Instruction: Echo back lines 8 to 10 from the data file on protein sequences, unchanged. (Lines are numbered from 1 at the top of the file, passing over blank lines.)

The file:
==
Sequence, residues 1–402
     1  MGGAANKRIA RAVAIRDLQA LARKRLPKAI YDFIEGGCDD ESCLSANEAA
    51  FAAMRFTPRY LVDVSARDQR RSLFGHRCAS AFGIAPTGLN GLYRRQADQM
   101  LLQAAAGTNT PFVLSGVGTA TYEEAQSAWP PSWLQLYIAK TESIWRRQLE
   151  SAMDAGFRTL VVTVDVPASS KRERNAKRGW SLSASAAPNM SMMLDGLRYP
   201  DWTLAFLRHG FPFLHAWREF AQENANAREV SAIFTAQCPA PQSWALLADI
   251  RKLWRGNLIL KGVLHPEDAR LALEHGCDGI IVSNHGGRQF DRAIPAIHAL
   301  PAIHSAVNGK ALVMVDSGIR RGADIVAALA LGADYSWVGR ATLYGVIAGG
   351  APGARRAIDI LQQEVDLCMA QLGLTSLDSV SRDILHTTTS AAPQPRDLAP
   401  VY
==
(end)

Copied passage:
   301  PAIHSAVNGK ALVMVDSGIR RGADIVAALA LGADYSWVGR ATLYGVIAGG
   351  APGARRAIDI LQQEVDLCMA QLGLTSLDSV SRDILHTTTS AAPQPRDLAP
   401  VY